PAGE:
English [ edit ]
Etymology [ edit ]
Middle French , from aristocratie Medieval Latin , from *aristocratia Ancient Greek ἀριστοκρατίᾱ ( aristokratíā, “ the rule of the best“, that is, “the best-born”, “nobility ” ), from ἄριστος ( áristos, “ best, noblest ” ) + -κρατίᾱ ( -kratíā ), from κράτος ( krátos, “ power, rule ” ).
Pronunciation [ edit ]
aristocracy ( , countable and uncountable plural )
nobility, or the hereditary ruling class.
1791, Thomas Paine, Rights of Man: That, then, which is called aristocracy in some countries and nobility in others arose out of the governments founded upon conquest.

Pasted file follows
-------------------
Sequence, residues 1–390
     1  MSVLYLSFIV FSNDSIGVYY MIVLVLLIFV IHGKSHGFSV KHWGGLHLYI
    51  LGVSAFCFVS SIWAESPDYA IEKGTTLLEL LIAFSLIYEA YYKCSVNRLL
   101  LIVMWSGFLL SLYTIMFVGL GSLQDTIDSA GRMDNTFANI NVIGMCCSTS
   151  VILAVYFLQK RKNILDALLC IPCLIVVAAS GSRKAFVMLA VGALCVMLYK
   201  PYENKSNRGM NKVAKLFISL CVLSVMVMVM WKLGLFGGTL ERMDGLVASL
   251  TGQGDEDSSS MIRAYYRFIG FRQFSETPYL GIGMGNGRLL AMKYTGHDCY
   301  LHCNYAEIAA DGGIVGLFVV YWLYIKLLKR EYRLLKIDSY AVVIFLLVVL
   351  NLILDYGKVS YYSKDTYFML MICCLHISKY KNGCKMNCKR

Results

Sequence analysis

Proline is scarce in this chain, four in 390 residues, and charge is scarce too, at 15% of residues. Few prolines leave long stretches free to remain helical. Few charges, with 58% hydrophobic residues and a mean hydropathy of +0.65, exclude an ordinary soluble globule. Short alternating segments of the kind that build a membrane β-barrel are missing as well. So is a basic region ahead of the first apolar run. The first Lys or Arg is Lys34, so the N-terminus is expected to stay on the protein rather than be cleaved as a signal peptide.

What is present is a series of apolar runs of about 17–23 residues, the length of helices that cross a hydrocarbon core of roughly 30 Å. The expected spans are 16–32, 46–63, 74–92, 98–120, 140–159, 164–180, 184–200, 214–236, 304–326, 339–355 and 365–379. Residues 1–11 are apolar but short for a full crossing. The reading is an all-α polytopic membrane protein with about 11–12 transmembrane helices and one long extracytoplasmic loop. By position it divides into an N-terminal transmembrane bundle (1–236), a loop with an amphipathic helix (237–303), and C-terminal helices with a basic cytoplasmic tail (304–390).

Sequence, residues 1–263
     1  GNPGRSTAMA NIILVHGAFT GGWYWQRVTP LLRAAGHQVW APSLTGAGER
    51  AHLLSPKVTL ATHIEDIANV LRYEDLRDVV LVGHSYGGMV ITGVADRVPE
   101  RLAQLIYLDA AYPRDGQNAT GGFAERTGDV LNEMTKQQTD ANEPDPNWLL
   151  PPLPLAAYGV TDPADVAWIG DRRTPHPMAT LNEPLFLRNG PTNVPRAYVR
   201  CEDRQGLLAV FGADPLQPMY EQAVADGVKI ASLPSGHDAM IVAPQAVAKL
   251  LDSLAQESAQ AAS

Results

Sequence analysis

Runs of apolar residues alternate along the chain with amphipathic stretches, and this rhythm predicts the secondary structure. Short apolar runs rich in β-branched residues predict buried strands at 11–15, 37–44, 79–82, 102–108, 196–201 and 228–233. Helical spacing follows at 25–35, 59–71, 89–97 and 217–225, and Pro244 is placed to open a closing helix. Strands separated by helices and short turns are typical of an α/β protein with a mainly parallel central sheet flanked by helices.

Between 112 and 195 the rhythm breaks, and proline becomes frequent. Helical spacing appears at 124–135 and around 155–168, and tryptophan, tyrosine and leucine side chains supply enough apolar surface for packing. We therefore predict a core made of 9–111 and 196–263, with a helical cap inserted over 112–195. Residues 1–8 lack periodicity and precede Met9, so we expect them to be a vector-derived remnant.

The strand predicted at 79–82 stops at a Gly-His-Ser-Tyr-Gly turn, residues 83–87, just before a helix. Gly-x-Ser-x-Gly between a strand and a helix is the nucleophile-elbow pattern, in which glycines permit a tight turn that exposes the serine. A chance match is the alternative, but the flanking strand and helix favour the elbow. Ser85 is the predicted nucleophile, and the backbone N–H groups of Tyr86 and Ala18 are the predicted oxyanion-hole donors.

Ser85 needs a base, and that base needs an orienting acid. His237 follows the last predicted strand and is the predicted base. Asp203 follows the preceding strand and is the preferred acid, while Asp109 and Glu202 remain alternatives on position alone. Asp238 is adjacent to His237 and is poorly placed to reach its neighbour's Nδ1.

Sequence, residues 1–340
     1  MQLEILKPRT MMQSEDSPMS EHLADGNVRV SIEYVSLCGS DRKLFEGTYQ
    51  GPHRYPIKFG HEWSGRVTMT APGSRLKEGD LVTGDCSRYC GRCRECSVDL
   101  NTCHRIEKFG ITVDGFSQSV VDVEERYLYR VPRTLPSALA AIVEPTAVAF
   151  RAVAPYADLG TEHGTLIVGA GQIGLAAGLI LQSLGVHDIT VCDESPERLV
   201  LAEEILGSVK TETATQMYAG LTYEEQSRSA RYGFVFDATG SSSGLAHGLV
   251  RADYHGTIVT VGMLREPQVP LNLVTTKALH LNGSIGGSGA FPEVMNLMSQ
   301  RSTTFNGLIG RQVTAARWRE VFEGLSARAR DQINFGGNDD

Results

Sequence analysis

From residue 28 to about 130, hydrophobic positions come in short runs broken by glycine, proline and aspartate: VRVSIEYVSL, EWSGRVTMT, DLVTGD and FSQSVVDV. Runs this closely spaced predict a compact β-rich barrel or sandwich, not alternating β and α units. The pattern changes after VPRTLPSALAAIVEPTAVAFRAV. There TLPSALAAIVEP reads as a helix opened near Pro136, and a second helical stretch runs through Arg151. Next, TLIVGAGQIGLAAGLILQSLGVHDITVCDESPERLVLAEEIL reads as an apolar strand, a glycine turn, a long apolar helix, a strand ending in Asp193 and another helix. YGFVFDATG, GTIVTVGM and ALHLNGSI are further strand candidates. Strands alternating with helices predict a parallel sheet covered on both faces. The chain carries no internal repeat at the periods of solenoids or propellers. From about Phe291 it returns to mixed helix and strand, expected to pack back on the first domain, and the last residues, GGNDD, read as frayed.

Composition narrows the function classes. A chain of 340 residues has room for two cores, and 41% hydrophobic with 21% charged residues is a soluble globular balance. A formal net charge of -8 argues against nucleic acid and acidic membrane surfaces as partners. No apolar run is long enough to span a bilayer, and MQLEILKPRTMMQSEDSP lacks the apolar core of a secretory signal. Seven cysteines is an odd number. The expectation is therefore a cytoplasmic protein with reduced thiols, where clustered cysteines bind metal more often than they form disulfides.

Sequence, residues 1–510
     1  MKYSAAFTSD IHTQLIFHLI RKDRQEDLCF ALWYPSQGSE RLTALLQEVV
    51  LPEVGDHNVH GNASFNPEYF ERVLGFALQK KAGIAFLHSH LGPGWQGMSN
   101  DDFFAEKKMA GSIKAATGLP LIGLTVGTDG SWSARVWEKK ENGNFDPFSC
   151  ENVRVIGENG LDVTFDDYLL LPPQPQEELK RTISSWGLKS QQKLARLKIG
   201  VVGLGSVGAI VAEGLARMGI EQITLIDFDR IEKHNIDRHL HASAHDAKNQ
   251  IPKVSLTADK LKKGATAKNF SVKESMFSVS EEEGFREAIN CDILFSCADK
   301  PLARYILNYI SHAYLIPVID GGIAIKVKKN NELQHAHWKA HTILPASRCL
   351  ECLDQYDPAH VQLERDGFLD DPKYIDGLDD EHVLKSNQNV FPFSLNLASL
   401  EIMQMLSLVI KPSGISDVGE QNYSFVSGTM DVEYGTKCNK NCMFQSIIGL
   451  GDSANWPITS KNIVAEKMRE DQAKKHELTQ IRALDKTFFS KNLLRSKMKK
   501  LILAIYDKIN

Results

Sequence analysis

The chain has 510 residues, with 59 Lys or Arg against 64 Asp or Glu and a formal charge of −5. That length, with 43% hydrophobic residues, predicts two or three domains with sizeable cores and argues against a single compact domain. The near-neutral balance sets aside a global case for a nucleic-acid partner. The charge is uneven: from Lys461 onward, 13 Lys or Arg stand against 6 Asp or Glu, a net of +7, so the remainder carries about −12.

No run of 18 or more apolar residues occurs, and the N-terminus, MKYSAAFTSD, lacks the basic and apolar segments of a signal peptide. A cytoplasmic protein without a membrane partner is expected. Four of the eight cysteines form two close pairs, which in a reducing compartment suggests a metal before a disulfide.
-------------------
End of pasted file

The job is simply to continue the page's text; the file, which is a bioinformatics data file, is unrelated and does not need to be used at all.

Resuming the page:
Government by such a class, or a state with such a government A class of people considered (not normally universally) superior to others
Derived terms [ edit ]
Related terms [ edit ]
Translations [ edit ]
the nobility or the hereditary ruling class
government by such a class
class of people considered superior to others
The translations below need to be checked and inserted above into the appropriate translation tables, removing any numbers. Numbers do not necessarily match those in definitions. See instructions at Wiktionary:Entry layout § Translations.
Translations to be checked
Further reading [ edit ]